Life Insurance From Marriage Into Midlife

By Christina

Sliding out of your 20s and into your 30s means you're probably about to face some serious life changes. For many people, the next couple of decades are a time to focus on family, whether that means starting a new one or expanding the one you already have.

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As your life moves on, your life insurance needs will, too. Here are the life insurance issues you may encounter at the mile markers people reach in their 30s and 40s.


As you add members to your clan, you'll also need to add life insurance to ensure your babies are taken care of if something happens to you or your spouse. For new parents, figuring out how much coverage you'll need isn't easy and means figuring what your family's future costs might be, says Glenn E. Stevick Jr., an adjunct professor of insurance at The American College in Bryn Mawr, Pa.

"When (new parents) think about life insurance, most people kind of focus on what we call 'final expenses.' What does it take to bury me or cremate me, pay off my debts, and so on?" he explains.

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But what parents typically forget, he says, are the major bills the family will encounter in the future, such as the cost of sending the children to college. You need enough life insurance so the family would be able to cover these sorts of expenses if a breadwinner dies.

Most new parents in their 30s will need "somewhere between 15 to 20 times their income" in life insurance coverage, says Onofrio Cirianni, a partner with New York-based EisnerAmper Financial and Insurance Services LLC. People in their 40s will need 10 to 15 times their income, he says.

Employers provide many families with a head start toward their life insurance needs. According to the U.S. Bureau of Labor Statistics, 73% of full-time workers in the private sector are eligible for some life insurance benefits through their company.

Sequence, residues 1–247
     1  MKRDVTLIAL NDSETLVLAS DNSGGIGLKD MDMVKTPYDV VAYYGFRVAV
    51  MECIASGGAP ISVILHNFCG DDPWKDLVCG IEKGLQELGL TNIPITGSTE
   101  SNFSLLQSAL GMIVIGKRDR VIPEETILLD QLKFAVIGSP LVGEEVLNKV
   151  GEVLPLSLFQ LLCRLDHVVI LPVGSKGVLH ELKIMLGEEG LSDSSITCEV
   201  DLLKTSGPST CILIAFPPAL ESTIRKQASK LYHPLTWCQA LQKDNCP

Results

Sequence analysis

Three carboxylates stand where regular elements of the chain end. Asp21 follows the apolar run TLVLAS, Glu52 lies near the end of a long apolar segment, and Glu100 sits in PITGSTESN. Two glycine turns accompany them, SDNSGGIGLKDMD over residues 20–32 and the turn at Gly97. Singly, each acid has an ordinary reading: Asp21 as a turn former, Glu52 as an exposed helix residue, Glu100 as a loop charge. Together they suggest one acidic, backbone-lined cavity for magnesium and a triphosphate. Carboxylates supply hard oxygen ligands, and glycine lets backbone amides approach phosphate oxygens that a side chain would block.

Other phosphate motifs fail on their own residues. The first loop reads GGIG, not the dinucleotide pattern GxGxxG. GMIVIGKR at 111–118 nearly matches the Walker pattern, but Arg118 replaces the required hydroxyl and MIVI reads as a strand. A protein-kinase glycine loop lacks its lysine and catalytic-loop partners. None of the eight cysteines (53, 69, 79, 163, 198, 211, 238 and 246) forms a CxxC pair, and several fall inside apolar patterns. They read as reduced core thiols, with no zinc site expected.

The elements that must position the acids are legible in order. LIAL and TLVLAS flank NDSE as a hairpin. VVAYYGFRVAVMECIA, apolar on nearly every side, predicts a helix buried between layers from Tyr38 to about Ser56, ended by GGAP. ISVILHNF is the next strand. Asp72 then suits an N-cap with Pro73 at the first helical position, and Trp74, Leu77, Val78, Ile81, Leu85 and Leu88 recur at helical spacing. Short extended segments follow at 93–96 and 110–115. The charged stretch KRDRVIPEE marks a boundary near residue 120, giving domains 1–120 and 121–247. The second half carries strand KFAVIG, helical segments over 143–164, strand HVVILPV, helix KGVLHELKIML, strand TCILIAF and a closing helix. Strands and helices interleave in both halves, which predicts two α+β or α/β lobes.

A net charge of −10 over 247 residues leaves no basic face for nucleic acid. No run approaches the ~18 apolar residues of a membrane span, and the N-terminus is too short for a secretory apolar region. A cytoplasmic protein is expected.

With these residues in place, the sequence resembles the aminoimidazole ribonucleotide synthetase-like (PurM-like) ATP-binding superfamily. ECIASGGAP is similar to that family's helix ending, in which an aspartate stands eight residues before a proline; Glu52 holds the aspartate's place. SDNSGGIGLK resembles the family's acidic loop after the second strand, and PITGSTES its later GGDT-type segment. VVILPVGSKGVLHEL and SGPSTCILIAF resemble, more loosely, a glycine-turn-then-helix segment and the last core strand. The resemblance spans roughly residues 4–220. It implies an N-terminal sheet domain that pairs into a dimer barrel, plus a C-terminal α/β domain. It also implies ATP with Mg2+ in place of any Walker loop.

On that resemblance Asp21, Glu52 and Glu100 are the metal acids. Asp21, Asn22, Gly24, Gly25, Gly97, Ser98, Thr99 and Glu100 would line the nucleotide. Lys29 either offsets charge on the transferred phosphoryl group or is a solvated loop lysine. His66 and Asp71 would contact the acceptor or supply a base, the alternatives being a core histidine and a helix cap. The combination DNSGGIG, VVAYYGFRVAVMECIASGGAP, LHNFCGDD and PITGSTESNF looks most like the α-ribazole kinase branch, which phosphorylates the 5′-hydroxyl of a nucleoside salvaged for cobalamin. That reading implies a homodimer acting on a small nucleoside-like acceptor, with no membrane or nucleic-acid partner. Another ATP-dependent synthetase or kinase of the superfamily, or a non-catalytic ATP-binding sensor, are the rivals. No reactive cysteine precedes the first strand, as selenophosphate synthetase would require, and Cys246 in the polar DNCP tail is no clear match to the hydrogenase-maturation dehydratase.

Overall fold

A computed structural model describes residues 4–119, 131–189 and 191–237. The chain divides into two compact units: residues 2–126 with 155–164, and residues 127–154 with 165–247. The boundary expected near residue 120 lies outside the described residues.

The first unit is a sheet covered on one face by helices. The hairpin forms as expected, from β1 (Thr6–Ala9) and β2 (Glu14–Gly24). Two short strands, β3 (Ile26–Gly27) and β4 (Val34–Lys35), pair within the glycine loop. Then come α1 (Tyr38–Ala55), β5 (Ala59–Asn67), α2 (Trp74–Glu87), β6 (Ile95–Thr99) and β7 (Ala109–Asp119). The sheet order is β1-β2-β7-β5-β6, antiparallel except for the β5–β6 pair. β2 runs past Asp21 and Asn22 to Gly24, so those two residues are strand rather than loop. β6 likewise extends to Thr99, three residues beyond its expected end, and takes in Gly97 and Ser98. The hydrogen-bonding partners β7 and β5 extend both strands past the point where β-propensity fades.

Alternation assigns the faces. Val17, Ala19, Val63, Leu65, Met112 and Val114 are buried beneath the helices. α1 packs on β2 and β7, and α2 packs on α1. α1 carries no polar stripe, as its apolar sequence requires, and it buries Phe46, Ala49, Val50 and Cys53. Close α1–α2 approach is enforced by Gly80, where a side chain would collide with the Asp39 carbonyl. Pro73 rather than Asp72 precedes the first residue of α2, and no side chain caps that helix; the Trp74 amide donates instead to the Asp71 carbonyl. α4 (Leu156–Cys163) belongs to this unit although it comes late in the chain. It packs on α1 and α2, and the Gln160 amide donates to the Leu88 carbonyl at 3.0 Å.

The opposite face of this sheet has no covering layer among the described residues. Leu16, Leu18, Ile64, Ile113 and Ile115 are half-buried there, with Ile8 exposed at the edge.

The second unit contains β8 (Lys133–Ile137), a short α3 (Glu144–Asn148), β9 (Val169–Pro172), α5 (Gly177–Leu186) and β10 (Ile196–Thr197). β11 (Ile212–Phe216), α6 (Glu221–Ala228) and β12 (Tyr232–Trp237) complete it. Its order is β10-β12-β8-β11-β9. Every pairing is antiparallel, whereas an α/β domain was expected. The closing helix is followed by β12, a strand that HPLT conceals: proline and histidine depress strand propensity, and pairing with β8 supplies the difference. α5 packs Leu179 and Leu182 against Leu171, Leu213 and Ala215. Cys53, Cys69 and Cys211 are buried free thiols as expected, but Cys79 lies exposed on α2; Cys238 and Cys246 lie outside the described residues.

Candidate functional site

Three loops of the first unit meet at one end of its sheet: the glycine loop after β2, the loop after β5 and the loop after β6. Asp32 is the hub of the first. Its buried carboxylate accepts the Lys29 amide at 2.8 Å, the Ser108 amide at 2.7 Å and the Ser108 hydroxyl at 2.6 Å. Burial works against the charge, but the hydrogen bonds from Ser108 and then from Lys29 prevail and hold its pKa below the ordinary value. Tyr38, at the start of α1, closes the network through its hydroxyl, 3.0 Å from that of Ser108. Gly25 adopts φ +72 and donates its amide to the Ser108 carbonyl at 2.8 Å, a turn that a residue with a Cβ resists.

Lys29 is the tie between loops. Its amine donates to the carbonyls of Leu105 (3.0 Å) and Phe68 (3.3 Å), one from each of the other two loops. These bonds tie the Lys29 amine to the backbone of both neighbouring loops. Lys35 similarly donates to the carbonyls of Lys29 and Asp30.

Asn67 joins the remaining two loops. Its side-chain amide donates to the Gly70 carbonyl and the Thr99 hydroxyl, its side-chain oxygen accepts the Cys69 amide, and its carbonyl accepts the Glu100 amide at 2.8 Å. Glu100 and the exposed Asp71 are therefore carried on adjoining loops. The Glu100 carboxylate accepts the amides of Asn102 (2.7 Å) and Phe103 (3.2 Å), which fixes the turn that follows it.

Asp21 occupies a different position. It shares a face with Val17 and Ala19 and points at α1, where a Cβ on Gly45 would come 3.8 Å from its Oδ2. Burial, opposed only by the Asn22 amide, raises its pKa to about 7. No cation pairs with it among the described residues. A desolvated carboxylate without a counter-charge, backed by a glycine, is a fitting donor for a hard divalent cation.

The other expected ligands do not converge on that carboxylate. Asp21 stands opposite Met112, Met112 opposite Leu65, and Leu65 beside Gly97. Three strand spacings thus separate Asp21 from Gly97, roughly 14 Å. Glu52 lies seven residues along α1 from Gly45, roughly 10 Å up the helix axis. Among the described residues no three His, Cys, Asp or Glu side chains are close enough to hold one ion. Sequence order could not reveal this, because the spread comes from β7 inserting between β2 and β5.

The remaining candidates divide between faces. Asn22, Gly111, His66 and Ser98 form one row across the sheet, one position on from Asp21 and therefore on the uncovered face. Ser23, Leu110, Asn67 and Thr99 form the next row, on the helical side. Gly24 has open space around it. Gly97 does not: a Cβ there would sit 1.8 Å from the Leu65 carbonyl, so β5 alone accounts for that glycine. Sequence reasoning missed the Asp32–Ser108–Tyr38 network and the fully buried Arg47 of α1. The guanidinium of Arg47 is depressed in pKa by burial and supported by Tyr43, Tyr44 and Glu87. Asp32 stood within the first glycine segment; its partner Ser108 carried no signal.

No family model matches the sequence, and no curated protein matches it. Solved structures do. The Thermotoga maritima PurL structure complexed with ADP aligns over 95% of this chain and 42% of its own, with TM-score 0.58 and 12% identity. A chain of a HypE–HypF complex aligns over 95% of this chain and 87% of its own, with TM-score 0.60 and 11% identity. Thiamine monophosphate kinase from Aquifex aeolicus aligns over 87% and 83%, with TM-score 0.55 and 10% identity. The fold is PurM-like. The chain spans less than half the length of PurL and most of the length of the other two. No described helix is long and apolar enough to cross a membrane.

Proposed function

To do a comprehensive analysis of your family's potential expenses in the future and determine how much coverage you need beyond your employer-sponsored life insurance, Cirianni recommends enlisting the help of an insurance agent or financial planner.


Most people get married in their 20s, but it's not uncommon to walk down the aisle again in your 30s or later. A survey released in 2011 by the U.S. Census Bureau shows that the median age for second marriage is about 36 for men and 33 for women.

Life insurance needs are different for those in second marriages, especially when stepchildren are involved, says Sonali Virendra, a vice president with New York Life Insurance Co. In addition to examining each spouse's income, assets and debts, couples also must factor in alimony and child support payments they may be making or receiving, and coordinate with their exes to ensure that all children are adequately covered.

"If you have a family that's now a blended family, you need to now redo (a life insurance analysis) you may have already done in the past," Virendra notes.


Another major life insurance concern facing those in their 30s and 40s is time. Those who are eyeing life insurance, whether to cover a new baby or protect a new spouse, should do so as soon as possible to get the best rates, says Cirianni.

"Unlike investing, insurance always requires someone to be underwritten, and you have to qualify for it," he explains. "There's no better time to look at what amount of coverages you're eligible for than when you're young and healthy."

In most cases, life insurance premiums rise steadily as policyholders age. Plus, the older you get, the more likely you are to develop a condition that could spike your premiums dramatically or even render you ineligible for life insurance altogether, Cirianni says. Conditions such as obesity, high blood pressure, cardiovascular issues, high cholesterol and abnormal liver function can increase your insurance rates by up to 50%.

"It's really unfortunate because where there may have been an opportunity to set up coverage earlier in life, they (now) may be stuck with a higher premium," he says.

To sidestep higher life insurance charges as you progress through your 40s and 50s, Cirianni says to start the needs-analysis process early and maintain healthy habits.

Copyright 2013, Bankrate Inc.